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“The Freedmen’s Bureau,” from Harper’s Weekly.  The Freedmen’s Bureau was one of the cornerstones of Reconstruction in the South.  It was designed to help African Americans increase their station in life but was opposed by many white southerners.  (HarpWeek)

The Radical Republicans wanted to punish Southerners for the war, and they wanted the Army to occupy and control the political situation in the former Confederacy. As such, commanders were very aware of the need to insure that their troops conducted themselves in ways that did not make the Southern white population needlessly hostile. It was an almost impossible task. Not only did some Union commanders and their troops have an automatically negative view of “former rebels,” but those “former rebels” returned the compliment.

From 1867 to 1870, incidents of violence in the South were sporadic, though frequent enough. Peace was often tenuous as blacks and white Republicans continued to be under threat and white Southerners continued to feel imposed upon by a vindictive federal Congress.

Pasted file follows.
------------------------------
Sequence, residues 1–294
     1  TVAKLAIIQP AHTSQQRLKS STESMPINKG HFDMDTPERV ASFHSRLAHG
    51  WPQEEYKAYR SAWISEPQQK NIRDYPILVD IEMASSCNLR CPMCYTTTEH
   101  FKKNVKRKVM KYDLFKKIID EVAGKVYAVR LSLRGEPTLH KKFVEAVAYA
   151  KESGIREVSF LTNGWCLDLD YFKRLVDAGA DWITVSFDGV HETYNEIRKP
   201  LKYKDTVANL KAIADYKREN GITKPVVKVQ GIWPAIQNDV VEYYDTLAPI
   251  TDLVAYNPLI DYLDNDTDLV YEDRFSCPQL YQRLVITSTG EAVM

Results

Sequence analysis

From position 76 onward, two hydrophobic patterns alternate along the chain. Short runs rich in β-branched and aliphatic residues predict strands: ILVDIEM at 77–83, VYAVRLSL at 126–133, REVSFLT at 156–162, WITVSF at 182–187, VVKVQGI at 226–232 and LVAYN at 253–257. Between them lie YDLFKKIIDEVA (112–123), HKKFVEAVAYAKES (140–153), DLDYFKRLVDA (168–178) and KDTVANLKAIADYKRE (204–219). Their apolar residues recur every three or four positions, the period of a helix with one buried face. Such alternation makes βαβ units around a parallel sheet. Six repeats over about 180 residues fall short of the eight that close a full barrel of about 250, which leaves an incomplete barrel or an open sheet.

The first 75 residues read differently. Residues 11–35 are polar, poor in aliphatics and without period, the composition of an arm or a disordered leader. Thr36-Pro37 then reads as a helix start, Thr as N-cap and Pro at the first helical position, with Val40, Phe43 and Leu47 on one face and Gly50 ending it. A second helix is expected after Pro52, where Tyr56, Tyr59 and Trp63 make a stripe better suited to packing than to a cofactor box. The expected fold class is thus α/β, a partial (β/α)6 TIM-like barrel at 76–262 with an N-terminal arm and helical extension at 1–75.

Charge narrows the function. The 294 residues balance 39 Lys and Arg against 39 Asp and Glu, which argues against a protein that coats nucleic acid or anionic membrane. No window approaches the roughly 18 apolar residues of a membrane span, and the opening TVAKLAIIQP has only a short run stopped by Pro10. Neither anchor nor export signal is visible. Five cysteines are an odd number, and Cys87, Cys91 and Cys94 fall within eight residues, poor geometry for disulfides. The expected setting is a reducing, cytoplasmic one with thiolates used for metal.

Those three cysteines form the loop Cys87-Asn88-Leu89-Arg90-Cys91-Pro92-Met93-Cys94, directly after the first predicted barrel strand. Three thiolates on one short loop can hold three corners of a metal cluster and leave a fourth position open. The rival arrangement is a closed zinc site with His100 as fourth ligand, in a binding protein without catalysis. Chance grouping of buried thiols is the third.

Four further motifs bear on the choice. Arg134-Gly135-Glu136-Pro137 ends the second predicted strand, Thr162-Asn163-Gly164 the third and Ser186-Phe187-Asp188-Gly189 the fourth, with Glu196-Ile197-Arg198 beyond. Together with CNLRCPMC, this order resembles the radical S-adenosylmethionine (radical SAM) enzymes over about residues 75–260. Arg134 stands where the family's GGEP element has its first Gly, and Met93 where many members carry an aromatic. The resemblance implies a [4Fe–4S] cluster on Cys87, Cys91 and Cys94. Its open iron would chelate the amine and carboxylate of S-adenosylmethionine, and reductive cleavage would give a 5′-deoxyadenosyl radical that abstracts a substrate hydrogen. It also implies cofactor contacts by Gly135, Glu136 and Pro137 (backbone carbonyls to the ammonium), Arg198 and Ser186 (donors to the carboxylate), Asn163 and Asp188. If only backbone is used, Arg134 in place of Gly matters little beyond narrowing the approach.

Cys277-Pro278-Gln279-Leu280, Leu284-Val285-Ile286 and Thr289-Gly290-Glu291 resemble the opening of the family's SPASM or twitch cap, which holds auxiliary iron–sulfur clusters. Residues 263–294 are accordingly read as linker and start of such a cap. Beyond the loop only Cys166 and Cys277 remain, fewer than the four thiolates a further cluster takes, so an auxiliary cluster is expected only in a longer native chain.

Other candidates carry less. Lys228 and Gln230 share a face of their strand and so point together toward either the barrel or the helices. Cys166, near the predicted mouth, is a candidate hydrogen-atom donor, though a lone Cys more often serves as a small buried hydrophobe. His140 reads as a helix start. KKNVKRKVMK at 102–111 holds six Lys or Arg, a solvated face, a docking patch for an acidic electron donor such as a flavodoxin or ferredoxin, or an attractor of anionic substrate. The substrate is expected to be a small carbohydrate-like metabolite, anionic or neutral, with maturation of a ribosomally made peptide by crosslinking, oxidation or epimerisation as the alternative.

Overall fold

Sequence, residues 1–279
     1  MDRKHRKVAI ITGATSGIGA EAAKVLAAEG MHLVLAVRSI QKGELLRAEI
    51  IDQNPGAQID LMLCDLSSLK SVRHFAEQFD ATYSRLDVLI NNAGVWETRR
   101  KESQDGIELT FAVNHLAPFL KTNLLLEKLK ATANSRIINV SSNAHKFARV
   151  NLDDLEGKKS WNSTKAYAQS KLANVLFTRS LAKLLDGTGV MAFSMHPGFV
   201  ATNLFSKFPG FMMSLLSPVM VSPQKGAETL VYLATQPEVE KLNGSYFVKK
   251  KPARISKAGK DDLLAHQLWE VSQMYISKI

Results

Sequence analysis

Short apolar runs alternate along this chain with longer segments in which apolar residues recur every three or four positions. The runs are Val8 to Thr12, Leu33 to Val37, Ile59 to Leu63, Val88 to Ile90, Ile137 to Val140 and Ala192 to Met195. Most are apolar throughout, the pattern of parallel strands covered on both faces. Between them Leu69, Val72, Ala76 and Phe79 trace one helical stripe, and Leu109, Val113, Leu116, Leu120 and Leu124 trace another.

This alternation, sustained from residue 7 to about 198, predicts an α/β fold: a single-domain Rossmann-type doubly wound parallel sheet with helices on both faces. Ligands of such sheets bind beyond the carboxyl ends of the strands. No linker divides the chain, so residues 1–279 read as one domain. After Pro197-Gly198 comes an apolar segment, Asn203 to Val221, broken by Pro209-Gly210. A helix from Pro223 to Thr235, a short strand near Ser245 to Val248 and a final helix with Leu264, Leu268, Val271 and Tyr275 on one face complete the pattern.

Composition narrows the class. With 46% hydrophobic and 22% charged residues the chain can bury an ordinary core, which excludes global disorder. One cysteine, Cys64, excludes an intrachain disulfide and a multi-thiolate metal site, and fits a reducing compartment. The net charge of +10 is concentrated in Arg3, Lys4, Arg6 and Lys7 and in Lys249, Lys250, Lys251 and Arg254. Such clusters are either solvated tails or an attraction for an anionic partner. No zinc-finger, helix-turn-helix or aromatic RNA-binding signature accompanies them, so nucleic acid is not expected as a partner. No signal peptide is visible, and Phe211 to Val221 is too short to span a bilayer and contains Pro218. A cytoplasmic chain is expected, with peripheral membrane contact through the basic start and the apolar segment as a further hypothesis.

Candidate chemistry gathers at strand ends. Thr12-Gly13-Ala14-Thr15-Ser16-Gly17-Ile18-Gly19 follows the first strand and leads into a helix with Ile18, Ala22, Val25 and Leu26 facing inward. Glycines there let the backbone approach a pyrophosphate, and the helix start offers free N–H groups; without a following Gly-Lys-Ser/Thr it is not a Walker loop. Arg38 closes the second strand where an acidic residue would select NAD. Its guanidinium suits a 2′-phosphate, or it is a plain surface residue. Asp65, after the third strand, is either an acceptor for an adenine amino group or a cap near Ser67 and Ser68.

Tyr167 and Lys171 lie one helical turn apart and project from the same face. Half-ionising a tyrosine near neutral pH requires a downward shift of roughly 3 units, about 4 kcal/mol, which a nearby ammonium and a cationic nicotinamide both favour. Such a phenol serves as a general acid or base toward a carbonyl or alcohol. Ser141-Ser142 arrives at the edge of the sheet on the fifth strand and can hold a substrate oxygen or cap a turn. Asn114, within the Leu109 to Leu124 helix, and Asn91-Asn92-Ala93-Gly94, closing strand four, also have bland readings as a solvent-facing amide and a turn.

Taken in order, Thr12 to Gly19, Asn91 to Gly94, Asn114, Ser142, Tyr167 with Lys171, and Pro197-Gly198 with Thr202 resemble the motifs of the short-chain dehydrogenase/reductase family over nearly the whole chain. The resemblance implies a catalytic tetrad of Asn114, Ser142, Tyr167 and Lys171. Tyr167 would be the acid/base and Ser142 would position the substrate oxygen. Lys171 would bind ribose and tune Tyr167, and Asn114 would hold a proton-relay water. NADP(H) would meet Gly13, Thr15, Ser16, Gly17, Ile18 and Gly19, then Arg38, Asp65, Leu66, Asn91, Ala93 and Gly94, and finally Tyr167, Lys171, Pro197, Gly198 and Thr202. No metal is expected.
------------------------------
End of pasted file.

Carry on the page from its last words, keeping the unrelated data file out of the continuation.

Matters only got worse after 1870. All the former Confederate states had by this time ratified the 13th, 14th and 15th amendments abolishing slavery, granting citizenship, and the vote. They were thus readmitted to the Union. Though President Grant pleaded, “Let us have peace,” was president, it was not to be.

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“Pitchfork” Ben Tilman of South Carolina was a prominent southern Democrat for decades.  (Biography.com)

Fraud at the ballot box became more common once the Democrats regained political power in the mid-1870s in several states. As South Carolina’s “Pitchfork Ben” Tilden bragged, “How did we recover our liberty [after the ballot box had been given to “our own ex-slaves”]? By fraud and violence.” After the polls closed, ballot boxes were seized. Votes were “counted in” or “counted out,” as need be. Gerrymandering was practiced to reduce Republican voting strength. One black Congressional district in Mississippi was concentrated in a narrow band along the Mississippi River to insure white majorities in five others. Mob attacks and lynching were also employed to discourage black and white Republican voting.